Briefing Paper: Unmarried Couples with Children

25 Oct

This week I chose to read about couples that are unmarried, but have children together. According to this article, about 1/3 of babies born in the US today are born to unmarried parents. What I found interesting was that most births that occur outside of marriage are common among low-income women. Although about 80 percent of these couples are romantically involved at the time of their child’s birth, most of them never marry. This article states that only about 7 percent of the couples were married to each other five years later. That is a pretty small number. But just because these couples are not married, does not mean that they don’t want to be married. Sometimes there are other factors that come in to play that affect them being able to marry.  Economic status is of course one of the more important factors that comes into play when marrying. Unmarried couples with children have said that they wish to marry once they reach more stable financial state. These couples don’t expect too much, simply to have a decent job and the ability to pay their own bills without depending on family, friends, or the government.  Image 


This article was about how an unmarried mom and dad should go about things after they separate. It talks about visitation rights, custody, and child support. Things that, regardless of being married or not, are something that need to be dealt with. One of the problems with this is that because the couple is not legally married, there sometimes isn’t a whole lot a judge can do about child-raising issues. It is kind of up to the parents to decide on the three issues I previously mentioned. Although, is the well being of the child/children is at risk physically or financially, the courts may order certain obligations be carried out.


This article talked about people, having been previously married, who get together and just decide that marriage isn’t something they want to rush into. Because this couple was slightly older (mid-30s), the idea of planning a marriage just didn’t seem like the appropriate thing to do, since the woman’s biological clock was ticking. So they decided to try to have a child together, and if they could not, they would get married and adopt. After being with her boyfriend for eight months, they became pregnant. This article stated that more people are cohabiting, and many of those cohabiting couples are having children.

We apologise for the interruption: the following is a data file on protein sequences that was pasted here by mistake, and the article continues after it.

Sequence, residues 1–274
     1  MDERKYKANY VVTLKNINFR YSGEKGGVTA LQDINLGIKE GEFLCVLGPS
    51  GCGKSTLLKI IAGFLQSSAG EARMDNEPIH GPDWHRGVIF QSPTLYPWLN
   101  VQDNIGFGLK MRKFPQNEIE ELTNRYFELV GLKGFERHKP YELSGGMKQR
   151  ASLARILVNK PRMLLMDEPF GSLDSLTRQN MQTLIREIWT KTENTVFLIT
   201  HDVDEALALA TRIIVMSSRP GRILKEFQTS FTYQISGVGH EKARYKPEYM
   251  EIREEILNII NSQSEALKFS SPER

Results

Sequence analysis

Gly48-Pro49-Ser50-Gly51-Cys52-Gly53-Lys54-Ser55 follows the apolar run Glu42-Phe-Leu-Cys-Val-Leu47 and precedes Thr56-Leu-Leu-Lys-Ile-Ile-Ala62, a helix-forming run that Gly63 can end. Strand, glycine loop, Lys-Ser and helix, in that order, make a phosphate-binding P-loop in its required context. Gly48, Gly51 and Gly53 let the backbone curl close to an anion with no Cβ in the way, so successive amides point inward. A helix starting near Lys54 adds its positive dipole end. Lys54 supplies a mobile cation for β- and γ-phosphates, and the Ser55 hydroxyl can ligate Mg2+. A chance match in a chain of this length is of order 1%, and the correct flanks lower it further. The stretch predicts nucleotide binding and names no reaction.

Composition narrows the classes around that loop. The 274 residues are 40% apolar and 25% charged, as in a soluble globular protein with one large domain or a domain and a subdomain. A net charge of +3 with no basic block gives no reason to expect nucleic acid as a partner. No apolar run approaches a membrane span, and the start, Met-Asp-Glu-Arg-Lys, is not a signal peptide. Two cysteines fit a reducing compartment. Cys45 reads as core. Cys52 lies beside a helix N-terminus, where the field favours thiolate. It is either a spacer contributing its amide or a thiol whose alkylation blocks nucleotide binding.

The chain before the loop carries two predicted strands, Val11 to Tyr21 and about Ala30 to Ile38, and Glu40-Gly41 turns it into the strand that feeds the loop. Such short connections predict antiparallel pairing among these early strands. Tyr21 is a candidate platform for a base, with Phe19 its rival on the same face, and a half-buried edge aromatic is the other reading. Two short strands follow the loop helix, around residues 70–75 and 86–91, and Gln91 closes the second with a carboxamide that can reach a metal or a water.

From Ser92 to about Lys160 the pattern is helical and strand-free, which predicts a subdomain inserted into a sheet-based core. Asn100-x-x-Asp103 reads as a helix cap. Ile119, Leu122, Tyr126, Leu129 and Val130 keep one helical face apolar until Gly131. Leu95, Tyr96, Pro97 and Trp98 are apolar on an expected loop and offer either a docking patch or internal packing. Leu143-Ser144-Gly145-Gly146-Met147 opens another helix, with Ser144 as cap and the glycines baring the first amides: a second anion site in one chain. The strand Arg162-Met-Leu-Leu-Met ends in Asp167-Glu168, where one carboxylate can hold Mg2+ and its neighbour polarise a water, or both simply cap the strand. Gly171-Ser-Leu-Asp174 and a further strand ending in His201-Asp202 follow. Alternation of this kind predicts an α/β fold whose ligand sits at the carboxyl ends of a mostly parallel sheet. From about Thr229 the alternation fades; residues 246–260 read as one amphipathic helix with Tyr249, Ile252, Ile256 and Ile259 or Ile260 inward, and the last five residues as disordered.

This was a really interesting article. It was about Ted and Joanne, an unmarried couple, living together, and agreeing to support the stay-at-home-partner. Ted has children from a previous marriage, and Joanne has a child as well. What they have decided to do, is Ted is to continue to work as a physician, and he is going to pay Joanne for raising the children and keeping things around the house in order. They are in a committed long-term relationship, and are going to be loving and nurturing to each other and their children. They agree on a set of conditions that are suitable for each other. I don’t think this was a real scenario, but it was interesting to read about, as I’m sure there are families out there that are in similar situations. 


Now more than ever, unmarried couples with children are staying together longer than before. According to a study, half of women ages 15-44 (such a young age group to begin with I think), say that their first union was cohabitation not marriage. Cohabitation is more of a step towards marriage, more than it is an alternative to marriage. It is becoming more common, and very normal for people in today’s society. What I found interesting was that this article too stated that unmarried couples don’t feel completely ready to meet the high standards they have for marriage, but do feel ready to have children. 


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